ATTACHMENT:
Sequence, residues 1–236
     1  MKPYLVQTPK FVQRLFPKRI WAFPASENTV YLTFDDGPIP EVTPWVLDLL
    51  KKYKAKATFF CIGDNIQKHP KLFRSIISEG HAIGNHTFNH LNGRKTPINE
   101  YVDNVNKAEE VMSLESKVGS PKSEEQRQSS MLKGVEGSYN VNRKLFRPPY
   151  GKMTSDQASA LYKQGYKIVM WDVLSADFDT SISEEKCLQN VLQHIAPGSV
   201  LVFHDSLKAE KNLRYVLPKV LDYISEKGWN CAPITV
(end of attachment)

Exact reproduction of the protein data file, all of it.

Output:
Sequence, residues 1–236
     1  MKPYLVQTPK FVQRLFPKRI WAFPASENTV YLTFDDGPIP EVTPWVLDLL
    51  KKYKAKATFF CIGDNIQKHP KLFRSIISEG HAIGNHTFNH LNGRKTPINE
   101  YVDNVNKAEE VMSLESKVGS PKSEEQRQSS MLKGVEGSYN VNRKLFRPPY
   151  GKMTSDQASA LYKQGYKIVM WDVLSADFDT SISEEKCLQN VLQHIAPGSV
   201  LVFHDSLKAE KNLRYVLPKV LDYISEKGWN CAPITV